Dangers Remain After Tropical Storm Irene Passes
August 28, 2011
U.S. Homeland Security Secretary Janet Napolitano has cautioned people
along the path of Tropical Storm Irene that even if the storm has passed
their area, danger remains.
satellite captured this stunning visible image of Hurricane Irene at
8:32 a.m. EDT, just 28 minutes before Irene's landfall in New York City.
The image showed Irene's huge cloud cover blanketing New England, New
York and over Toronto, Canada. Shadows in Irene's clouds indicate the
bands of thunderstorms that surround now tropical storm Irene. (Credit:
NASA/NOAA GOES Project)
Napolitano said Sunday that downed power lines, flooding, generator
problems and fallen trees are all potential threats once the storm is
Even as Irene continues on a path up the coastline of the northeastern
United States, the Homeland Security chief said damage assessment has
begun in the southern states of North Carolina and Virginia.
A loss-estimate company, Eqecat, already has estimated the damage to
North Carolina and Virginia at $200 to $400 million.
The National Hurricane Center says Irene has weakened since leaving the
New York City area and is now traveling at about 40 kilometers an hour
with maximum sustained winds of 95 kilometers an hour.
Forecasters say Irene will move into Canada by Sunday night. In areas
where the storm already has passed, weather officials say the damage was
not as severe as they feared it would be.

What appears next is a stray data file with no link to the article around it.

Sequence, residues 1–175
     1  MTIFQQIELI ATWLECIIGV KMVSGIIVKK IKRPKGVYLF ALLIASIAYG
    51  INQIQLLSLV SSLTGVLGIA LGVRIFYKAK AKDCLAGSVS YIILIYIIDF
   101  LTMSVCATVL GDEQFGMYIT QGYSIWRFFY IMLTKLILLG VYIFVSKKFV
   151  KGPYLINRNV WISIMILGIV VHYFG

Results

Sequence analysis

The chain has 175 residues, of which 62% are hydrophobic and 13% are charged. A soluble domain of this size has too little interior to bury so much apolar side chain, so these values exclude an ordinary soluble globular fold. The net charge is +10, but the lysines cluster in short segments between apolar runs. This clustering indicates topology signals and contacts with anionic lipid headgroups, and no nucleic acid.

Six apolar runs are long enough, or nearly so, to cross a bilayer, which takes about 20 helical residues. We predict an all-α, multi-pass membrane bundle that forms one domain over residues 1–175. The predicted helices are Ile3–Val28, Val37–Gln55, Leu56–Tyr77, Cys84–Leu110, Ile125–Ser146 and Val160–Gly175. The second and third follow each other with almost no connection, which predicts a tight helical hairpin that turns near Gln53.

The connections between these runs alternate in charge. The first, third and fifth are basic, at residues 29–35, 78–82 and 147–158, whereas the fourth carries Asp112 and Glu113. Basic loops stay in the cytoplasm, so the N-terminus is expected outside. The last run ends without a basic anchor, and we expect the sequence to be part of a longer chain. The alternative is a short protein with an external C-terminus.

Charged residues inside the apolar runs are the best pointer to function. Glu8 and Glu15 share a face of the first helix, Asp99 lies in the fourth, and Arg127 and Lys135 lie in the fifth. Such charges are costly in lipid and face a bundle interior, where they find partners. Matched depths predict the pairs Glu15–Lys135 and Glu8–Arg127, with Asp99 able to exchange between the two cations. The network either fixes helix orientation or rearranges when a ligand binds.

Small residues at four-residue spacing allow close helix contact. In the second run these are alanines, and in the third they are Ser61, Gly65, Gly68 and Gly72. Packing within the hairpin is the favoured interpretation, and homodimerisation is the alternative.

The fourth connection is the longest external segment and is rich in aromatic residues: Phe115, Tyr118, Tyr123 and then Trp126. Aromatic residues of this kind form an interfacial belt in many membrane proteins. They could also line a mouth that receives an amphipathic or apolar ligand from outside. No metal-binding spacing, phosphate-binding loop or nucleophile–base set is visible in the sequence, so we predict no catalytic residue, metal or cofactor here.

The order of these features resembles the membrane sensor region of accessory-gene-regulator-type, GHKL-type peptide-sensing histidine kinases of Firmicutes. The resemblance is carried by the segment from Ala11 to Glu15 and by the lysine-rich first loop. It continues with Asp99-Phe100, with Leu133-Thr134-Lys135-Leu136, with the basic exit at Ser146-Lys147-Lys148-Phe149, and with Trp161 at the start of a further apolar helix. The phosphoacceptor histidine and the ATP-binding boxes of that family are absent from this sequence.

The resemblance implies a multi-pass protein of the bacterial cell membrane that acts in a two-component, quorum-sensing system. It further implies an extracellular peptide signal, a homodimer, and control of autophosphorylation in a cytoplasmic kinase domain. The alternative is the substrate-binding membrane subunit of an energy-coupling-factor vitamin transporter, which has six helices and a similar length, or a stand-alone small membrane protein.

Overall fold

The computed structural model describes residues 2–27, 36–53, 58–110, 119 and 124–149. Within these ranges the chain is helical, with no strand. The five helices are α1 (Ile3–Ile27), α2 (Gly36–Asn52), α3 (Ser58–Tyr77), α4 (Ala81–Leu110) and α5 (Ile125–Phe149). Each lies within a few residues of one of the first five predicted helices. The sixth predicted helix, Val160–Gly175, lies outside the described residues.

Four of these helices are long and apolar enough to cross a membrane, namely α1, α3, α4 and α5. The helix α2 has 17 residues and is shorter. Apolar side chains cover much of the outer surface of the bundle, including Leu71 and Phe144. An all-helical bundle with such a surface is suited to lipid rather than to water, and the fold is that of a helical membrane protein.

The storm has killed at least 15 people and paralyzed ground and air
traffic in its journey up the eastern U.S. coast.
New Jersey Governor Chris Christie has predicted record-level flooding
for parts of his coastal state, and Pennsylvania Governor Tom Corbett
has warned that rivers in the affected areas of his state may not crest
until Tuesday or Wednesday.
The White House says President Barack Obama has been briefed on the
emergency response to the storm.
Irene was downgraded to a tropical storm as it approached New York City
early Sunday, but it still managed to flood some streets and a traffic
tunnel in lower Manhattan, as the East and Hudson Rivers rose with high
city has not said yet when it will restart the public transit system,
which has been shut down as a safety precaution since midday Saturday.
Irene blasted ashore in North Carolina early Saturday, flooding streets
and toppling trees with winds of 140 kilometer per hour. The storm later
moved into the Washington, D.C. area, which was hit with strong winds,
heavy rain, localized flooding and falling trees.
More than four million homes and businesses in the eastern U.S. lost
power because of the storm, which is passing through some of the
country's most densely populated areas. Suspected tornadoes spurned by
the hurricane destroyed homes in Delaware and Virginia.